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Comment Thomas Kuhn weepie (Score 1) 84

If someone who had just read Thomas Kuhn's Structure of Scientific Revolutions came up to you and started talking about it, what would you say to deflate his or her excitement, as a crabby older person? I was thinking, that dominating grant funding games play some role deepening the science but also gumming up the revolutions? Especially in anything related to medicine, which also gets the whammy of body neuroses and extreme profit taking. I guess the critique is that Kuhn sees science too hermetically? How does ActUp's role in advancing HIV research play into it? Example or counter-example?

Stupid hype words in article abstracts seem like the least of our problems. Sort of like how pundits discuss politics. Really angry anti-pundits like in the Washington Monthly used to compare Washington to a tea party or the court at Versailles where the important thing is adhere to conventional wisdom in a form of etiquette and use the right phrases while ignoring the larger issues. But now tea party means something else and breaking the china does not seem so worthy.

Comment reality (Score 3, Interesting) 576

Hannes seems to have a valid point that boundary checking should be standardized in some way. Rasmus backs him up and mentions the result of the rant is they'll end up discarding his more comprehensive work on the issue:

Linus seems to be saying all boundary checks should be ad-hoc because the new syntax is to hard to GET OFF OF HIS LAWN. Because it is dog poop.

Comment Re:Not really true (anymore) (Score 2) 199

Mozilla was blocking all Flash until the second update came out. The page clearly showed that. You could change it to from "disabled" to "ask to activate" if you chose to.

Chrome also updated today, but the bundled Flash player in Chrome is click-to-play by default. IE should do that with its bundled player. And Microsoft should use Windows Update to block the plugin player for old version of IE. And old Java in any browser, with an override available.

Submission + - Firefox Blocks Flash By Default Over Security Fears

Mickeycaskill writes: Mozilla has confirmed all versions of Flash are now blocked by default in Firefox following the discovery of two new 'critical' vulnerabilities in the documents uncovered in the Hacking Team attack.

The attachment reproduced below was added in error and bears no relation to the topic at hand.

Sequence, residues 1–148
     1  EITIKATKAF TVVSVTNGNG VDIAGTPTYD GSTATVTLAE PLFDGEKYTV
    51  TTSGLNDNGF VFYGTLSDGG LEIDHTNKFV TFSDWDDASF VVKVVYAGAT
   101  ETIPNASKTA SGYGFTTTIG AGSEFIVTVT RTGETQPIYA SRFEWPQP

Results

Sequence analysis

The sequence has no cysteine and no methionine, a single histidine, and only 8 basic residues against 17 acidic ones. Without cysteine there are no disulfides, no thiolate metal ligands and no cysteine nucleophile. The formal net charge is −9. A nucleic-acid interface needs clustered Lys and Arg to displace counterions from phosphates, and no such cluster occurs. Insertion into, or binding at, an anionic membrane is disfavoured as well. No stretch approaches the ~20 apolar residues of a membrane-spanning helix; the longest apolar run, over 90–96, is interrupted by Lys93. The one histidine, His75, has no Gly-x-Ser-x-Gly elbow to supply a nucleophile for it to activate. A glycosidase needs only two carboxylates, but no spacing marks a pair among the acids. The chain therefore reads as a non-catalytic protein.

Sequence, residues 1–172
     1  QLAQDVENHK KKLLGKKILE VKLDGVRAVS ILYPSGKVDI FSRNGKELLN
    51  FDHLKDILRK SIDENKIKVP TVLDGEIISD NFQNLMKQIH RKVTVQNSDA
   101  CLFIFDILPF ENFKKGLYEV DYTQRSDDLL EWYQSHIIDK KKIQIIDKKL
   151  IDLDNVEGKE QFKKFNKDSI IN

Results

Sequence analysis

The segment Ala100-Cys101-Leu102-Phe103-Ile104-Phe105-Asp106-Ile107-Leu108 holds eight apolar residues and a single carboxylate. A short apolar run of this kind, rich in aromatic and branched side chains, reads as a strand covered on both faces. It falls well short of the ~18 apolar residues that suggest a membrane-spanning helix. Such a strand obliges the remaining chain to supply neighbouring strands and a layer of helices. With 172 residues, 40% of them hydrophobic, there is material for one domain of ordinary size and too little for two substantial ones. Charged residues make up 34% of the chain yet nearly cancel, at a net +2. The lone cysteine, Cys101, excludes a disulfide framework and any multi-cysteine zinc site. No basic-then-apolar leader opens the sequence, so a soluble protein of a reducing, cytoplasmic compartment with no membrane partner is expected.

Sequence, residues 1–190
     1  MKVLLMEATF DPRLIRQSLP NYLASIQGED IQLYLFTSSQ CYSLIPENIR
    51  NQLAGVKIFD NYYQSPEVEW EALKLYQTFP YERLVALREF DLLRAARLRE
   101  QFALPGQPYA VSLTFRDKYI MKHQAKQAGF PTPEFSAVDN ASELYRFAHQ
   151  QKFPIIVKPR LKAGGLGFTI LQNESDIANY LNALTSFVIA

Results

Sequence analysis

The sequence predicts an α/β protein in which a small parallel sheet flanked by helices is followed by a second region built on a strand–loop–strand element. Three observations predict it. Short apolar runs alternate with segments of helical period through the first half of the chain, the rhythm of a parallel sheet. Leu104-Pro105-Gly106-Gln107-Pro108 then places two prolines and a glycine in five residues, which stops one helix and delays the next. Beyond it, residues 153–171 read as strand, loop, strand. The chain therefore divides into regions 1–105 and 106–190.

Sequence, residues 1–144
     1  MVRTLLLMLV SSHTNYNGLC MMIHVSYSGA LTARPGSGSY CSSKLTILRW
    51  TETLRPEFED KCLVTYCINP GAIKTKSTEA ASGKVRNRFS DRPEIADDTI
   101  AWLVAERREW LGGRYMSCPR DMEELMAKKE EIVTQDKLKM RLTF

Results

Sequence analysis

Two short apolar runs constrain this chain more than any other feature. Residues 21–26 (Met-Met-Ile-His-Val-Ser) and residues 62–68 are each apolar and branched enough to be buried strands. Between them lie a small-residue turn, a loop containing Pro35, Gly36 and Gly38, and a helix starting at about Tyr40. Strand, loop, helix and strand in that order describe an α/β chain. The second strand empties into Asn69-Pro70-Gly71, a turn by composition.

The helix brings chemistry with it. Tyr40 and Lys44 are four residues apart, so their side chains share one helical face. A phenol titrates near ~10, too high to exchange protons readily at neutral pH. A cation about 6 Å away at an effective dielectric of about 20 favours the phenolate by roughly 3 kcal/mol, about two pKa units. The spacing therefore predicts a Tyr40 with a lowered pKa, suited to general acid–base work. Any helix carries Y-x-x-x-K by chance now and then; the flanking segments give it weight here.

Adobe says it expects to patch the 37th and 38th flaws found in Flash so far in July later this week. Until these are made available, Mozilla says the block will stay in place.

The development is a blow for Flash after Alex Stamos, Facebook's new chief security officer, urged Adobe to set an "end of life" date for the much-maligned software.

Comment Lost link to report found, and "site owners" (Score 3, Informative) 147

The link to the actual report in TFA is broken, as it was on the Belgian commission's own site until a few moments ago. So here it is:

The recommendations for site owners is to enhance the cookie opt-in banner that you already see on European sites. A cookie for cookies! It's buried deep in the heavily enumerated document, so I'll quote it in full:

To Website Owners
Relating to website owners or webmasters who wish to use the social plug-ins offered by Facebook, the Privacy Commission refers to its own-initiative recommendation on the use of cookies, in which it stipulates that owners must properly inform visitors of their website and obtain the latter's specific consent for cookies and other meta files of which they may not control re-use. In this context, the Privacy Commission refers to social networks, among others, and recommends that social network buttons are not activated until users have given their specific consent. The current integration possibilities of social plug-ins offered by Facebook, however, do not meet these criteria yet. For the time being, the Privacy Commission therefore recommends to use tools such as "Social Share Privacy" ( ) as a way to obtain user consent. By using a tool such as "Social Share Privacy", third-party plug-ins do not connect to third-party servers (and consequently data are not sent to third parties) until users have clicked on the social plug-in.

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